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Thursday, July 12, 2018
Today’s Scripture Reading | Romans 9:19–33
You will say to me then, “Why then does he still find fault? For who can resist his will?” But who indeed are you, a human being, to argue with God? Will what is molded say to the one who molds it, “Why have you made me like this?” Has the potter no right over the clay, to make out of the same lump one object for special use and another for ordinary use? What if God, desiring to show his wrath and to make known his power, has endured with much patience the objects of wrath that are made for destruction; and what if he has done so in order to make known the riches of his glory for the objects of mercy, which he has prepared beforehand for glory—including us whom he has called, not from the Jews only but also from the Gentiles?
As indeed he says in Hosea, “Those who were not my people I will call ‘my people,’ and her who was not beloved I will call ‘beloved.’” “And in the very place where it was said to them, ‘You are not my people,’ there they shall be called children of the living God.” And Isaiah cries out concerning Israel, “Though the number of the children of Israel were like the sand of the sea, only a remnant of them will be saved; for the Lord will execute his sentence on the earth quickly and decisively.” And as Isaiah predicted, “If the Lord of hosts had not left survivors to us, we would have fared like Sodom and been made like Gomorrah.”
What then are we to say? Gentiles, who did not strive for righteousness, have attained it, that is, righteousness through faith; but Israel, who did strive for the righteousness that is based on the law, did not succeed in fulfilling that law. Why not? Because they did not strive for it on the basis of faith, but as if it were based on works. They have stumbled over the stumbling stone, as it is written, “See, I am laying in Zion a stone that will make people stumble, a rock that will make them fall, and whoever believes in him will not be put to shame.” (NRSV)
“Oh Paul, you can be so confusing for Christians in 2018.” That is the first thing I always think when I turn to this part of the letter to the Romans. This letter is Paul’s way of trying to discern what God might be doing in the relationship between Jews and Gentiles. Paul is making his argument as to how God can (and will) save both God’s people Israel as well as the non-Jewish Christians called Gentiles. Frankly, he is trying to figure out how Gentiles like you and me can be included in the covenant between God and God’s people without becoming Jewish first. Chapters 9 through 11 form the apex of that argument.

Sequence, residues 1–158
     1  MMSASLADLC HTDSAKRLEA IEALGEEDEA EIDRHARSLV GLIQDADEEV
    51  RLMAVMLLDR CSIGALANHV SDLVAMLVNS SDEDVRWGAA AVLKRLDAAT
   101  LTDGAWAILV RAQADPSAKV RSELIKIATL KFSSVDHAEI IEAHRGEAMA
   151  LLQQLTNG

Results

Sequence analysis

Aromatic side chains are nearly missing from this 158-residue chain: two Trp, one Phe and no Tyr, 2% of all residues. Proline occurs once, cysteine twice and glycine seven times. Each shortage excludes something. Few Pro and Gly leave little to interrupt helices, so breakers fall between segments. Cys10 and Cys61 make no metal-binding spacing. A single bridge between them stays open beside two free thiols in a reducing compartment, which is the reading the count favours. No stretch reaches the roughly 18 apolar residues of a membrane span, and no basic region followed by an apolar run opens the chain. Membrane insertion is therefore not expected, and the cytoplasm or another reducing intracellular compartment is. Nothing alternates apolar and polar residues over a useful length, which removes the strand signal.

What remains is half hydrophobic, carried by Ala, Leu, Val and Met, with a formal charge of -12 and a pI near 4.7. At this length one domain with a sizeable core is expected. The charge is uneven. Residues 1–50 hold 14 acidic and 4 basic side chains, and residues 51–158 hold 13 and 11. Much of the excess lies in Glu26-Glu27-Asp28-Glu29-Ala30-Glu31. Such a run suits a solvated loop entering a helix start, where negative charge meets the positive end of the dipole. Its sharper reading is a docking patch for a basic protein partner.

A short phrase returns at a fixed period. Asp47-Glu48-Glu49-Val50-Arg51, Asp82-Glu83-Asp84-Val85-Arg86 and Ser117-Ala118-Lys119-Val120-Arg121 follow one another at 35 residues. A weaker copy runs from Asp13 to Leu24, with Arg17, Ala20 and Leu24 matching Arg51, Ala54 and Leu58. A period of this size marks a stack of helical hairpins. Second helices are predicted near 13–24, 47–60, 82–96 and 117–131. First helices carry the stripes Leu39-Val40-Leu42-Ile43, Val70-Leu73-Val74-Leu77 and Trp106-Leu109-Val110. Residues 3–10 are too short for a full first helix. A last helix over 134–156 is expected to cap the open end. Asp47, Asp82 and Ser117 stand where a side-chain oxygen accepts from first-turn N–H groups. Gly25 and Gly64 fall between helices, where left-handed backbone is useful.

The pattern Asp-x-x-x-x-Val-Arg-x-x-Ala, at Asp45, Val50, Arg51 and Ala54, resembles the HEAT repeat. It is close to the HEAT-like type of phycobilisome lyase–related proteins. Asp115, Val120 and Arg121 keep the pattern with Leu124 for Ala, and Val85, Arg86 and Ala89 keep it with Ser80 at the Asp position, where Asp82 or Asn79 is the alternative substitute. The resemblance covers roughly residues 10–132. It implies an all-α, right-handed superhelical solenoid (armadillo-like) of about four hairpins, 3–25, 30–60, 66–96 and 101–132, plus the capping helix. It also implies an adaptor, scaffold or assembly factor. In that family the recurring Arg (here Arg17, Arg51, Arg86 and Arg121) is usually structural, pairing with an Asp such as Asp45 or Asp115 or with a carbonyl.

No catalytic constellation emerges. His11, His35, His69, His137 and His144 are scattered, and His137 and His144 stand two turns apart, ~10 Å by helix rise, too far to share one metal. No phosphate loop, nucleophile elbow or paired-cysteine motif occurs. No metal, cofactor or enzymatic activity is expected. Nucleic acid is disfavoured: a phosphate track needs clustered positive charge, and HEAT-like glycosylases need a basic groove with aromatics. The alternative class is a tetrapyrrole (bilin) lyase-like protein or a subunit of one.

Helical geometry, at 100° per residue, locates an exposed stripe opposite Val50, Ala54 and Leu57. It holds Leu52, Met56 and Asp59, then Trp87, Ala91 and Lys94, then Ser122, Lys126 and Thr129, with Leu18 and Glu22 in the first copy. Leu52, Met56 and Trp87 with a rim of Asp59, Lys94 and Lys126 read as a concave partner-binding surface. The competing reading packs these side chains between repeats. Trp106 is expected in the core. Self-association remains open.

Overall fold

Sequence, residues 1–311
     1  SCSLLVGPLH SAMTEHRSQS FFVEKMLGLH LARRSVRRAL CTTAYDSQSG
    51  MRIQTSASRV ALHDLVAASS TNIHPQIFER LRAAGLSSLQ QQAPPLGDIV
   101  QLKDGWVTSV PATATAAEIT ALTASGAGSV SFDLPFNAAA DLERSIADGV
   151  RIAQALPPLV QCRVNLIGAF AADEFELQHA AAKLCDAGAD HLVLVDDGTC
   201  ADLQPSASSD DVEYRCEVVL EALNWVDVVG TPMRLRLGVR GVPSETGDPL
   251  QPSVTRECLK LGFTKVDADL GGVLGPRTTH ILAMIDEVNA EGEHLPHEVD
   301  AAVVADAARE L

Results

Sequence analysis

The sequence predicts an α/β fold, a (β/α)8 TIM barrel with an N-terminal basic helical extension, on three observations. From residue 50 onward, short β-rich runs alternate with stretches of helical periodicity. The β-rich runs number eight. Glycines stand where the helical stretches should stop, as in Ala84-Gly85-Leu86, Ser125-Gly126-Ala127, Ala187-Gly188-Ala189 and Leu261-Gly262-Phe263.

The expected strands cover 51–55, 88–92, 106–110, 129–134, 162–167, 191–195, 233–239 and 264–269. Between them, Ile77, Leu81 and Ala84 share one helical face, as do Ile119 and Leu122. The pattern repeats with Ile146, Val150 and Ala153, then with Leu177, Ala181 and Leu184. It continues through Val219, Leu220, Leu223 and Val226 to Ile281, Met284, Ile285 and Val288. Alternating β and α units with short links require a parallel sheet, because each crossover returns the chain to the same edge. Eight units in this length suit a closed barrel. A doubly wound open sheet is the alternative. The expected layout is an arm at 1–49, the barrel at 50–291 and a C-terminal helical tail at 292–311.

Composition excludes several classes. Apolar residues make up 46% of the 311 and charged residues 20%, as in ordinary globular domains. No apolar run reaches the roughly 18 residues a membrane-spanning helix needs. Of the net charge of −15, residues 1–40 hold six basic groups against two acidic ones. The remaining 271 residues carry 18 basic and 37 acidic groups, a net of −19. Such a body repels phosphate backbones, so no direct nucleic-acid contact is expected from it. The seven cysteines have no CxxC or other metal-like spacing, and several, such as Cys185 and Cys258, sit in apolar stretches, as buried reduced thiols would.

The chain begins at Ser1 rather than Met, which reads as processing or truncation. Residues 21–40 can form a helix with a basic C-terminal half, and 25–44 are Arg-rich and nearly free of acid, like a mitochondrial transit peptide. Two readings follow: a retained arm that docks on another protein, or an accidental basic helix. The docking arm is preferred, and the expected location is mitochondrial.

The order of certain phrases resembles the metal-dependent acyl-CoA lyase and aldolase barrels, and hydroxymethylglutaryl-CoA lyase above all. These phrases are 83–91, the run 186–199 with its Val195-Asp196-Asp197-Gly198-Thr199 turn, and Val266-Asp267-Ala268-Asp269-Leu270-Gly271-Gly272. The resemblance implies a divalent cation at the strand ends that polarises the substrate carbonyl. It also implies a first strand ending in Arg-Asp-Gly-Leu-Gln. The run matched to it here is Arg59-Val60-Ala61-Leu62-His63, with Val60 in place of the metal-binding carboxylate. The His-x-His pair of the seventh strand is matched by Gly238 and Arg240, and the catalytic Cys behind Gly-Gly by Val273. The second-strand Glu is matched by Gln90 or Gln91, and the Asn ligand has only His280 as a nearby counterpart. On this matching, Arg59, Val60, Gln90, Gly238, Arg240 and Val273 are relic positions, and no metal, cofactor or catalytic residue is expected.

Yet in this particular part of chapter 9, when removed from its context, it can feel as if Paul is beginning to ask how Israel can be included, not Gentile Christians. When we look at the larger context we discover that “Paul’s concern is not that most of Israel doesn’t believe Jesus to be the Messiah and therefore will suffer the consequences. His concern is with those Gentile Christians who have themselves drawn that conclusion” (Beverly Gaventa, When in Romans). Paul is determined to show how God’s call and gifts are irrevocable for both Jews and Gentiles.
Perhaps the word we can take away from this passage is caution. We need to practice caution whenever we think we can definitively determine the mind of God. We need to practice caution whenever we lift up a particular passage of scripture and try to place it down in our day and time without any sense of its original context. We need to practice caution every time we start to wonder if we can start drawing the lines for God as to whom God will include in God’s healing and salvation. As Paul might say, doing those things without caution will only cause us to stumble.
Great God of Mystery, I am thankful that you are God, and I am not. As I move throughout this day, help me to remember that simple truth so that I can live with a heart wide open to all you would have me know. Amen.
Written by Shannon J. Kershner, Pastor
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